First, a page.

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Residents near EBDI protest plunging values

A group of residents who live just outside the footprint of the 88-acre East Baltimore Development Inc. project say their home values have plunged as uncertainty over the future of the low-income community and widespread blight have taken hold of their neighborhood.

Bernice Dawson

Residents who live on streets such as Chase, Chester, and Biddle, and North Patterson Park Avenue, attended a meeting at EBDI’s offices Monday to protest declining home values, a problem they share with many other homeowners who have lost value on assessments because of the recession.

“At the end of the day, what we see are abandoned houses,” said Wyndella McCray, who has owned a rowhouse in the 2200 block of East Chase Street since 1974. “If you look at Gay Street, all you see are abandoned houses leading to this bright future here.”

The housing clash highlights a focus of a new grassroots residents’ organization near the $1.8 billion EBDI redevelopment.

The Truth and Reconciliation Council was formed this summer to advocate for some of the remaining Middle East residents. Council officials said Monday that they planned to take their complaints to City Hall and are demanding answers within 30 days.

“The gloves are off,” said Nia Redmond, a resident who helped to form the council and also sits on the EBDI board. “We are calling on every president of every community association beyond this EBDI mess to assist us. Now, it’s a new ball game.”

Over the past decade, EBDI has demolished 669 houses and other buildings, and another 700 buildings stand vacated, ready for demolition. A majority of residents from those households moved away from the community with relocation packages.

Click here for all EBDI-related storiesBut just outside the EBDI area, blighted and crumbling communities remain untouched.

Housing values in what was once a stable, working- and middle-class neighborhood have plunged while the spotlight is trained on the EBDI redevelopment less than a mile away, the residents say.

McCray’s house was valued at $12,000, she said, according to a property tax bill from the city, based on a 2011 assessment by the state Department of Assessments and Taxation.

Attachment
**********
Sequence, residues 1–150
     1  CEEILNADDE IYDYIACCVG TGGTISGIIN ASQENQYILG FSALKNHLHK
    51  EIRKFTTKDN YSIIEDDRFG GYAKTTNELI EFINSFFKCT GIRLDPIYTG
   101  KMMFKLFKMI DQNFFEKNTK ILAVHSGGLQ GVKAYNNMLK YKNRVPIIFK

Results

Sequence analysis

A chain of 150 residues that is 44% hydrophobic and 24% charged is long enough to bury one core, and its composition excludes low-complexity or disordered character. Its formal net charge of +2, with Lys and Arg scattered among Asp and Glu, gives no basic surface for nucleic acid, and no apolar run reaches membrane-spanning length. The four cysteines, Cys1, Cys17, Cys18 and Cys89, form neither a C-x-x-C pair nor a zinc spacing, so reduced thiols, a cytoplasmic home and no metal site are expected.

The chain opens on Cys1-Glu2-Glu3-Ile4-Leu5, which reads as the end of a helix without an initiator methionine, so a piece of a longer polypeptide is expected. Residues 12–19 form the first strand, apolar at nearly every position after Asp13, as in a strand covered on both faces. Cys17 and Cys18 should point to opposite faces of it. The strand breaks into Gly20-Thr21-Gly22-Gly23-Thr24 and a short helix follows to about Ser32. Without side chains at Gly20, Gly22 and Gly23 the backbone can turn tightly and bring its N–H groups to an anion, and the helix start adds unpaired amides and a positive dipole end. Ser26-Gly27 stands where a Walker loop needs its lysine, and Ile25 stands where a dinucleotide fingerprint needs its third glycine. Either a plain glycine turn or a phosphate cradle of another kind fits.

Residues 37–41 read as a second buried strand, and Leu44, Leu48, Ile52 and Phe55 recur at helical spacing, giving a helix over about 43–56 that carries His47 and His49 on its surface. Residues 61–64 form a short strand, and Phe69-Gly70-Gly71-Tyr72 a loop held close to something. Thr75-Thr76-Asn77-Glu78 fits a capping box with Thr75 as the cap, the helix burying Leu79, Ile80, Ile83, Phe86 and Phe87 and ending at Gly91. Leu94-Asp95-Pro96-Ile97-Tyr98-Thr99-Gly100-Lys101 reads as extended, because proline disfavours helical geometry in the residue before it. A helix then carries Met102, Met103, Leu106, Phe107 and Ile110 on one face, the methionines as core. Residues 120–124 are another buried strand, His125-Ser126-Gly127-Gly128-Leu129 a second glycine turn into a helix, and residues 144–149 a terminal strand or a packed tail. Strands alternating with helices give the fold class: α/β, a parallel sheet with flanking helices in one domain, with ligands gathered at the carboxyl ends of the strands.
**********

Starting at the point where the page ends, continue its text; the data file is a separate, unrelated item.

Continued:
Nearby, another neighbor, Bernice Dawson, owns a tidy powder-blue rowhouse with awnings and a hand-painted window box.

It is flanked by two vacant, boarded-up houses, both valued at $3,000, state records show, whose owners live in San Diego and Bluffdale, Utah.

Dawson, 71, said she bought her home 23 years ago through a local homeownership program for $9,430. After renovations, the home’s value jumped to $35,000 in the late 1980s, she said.

Today, her assessment stands at $12,000.


Paul T. Graziano, the city’s housing commissioner, was unavailable for comment Tuesday, his spokesperson, Cheron Porter, said.

Glen Ross, an aide to City Council member Warren Branch, whose district includes the blighted areas on the cusp of the EBDI project, said the many vacancies in the community have rendered the area vulnerable.

He said some call it “Zombieland” because most streets have vacant houses and the area often looks deserted.

“You may have an average of 28 to 43 houses on a street block and anywhere from two to eight families occupying a small number of houses,” Ross said. “There are a lot of vacancies. There has never been a neighborhood association in that area, so they haven’t had a voice.”

Once envisioned as a substantial new mixed-income community based around a world-class life sciences park linked to Johns Hopkins Hospital, the EBDI project has stalled and is now being re-planned. EBDI officials have spent $564 million so far, $212.6 million of it in public funds.

Originally, EBDI pledged to replace the rowhouses it demolished with at least 599 houses by now. But so far, only 220 units have been built, most of them rental apartments for senior citizens and other tenants.

Five condominiums, originally priced at more than $200,000, were built near Eager Street and Broadway; only two units have sold since the Townes at Eager opened nearly three years ago.

EBDI and Forest City-New East Baltimore Partnership, the developer of the site, are working from a newly proposed master plan that calls for up to 250 new housing units at the EBDI site by late 2013, when a new public school is scheduled to open.

To some living outside the area, such a community turnaround seems unattainable in a city where the 2010 Census found there were 46,782 vacancies.

“I’ve been here 49 years and raised my son in this house,” said Lillian Jackson, 82, who lives in the 2200 block of East Chase Street, about three blocks from the EBDI border.

Jackson, a retired employee of the housekeeping department at St. Agnes Hospital, said she paid $8,000 for the three-bedroom, two-story rowhouse. It was assessed at $12,000 this summer.

“Now, all the value is gone,” she said, shaking her head. “I live on Social Security. This house is my life’s savings.”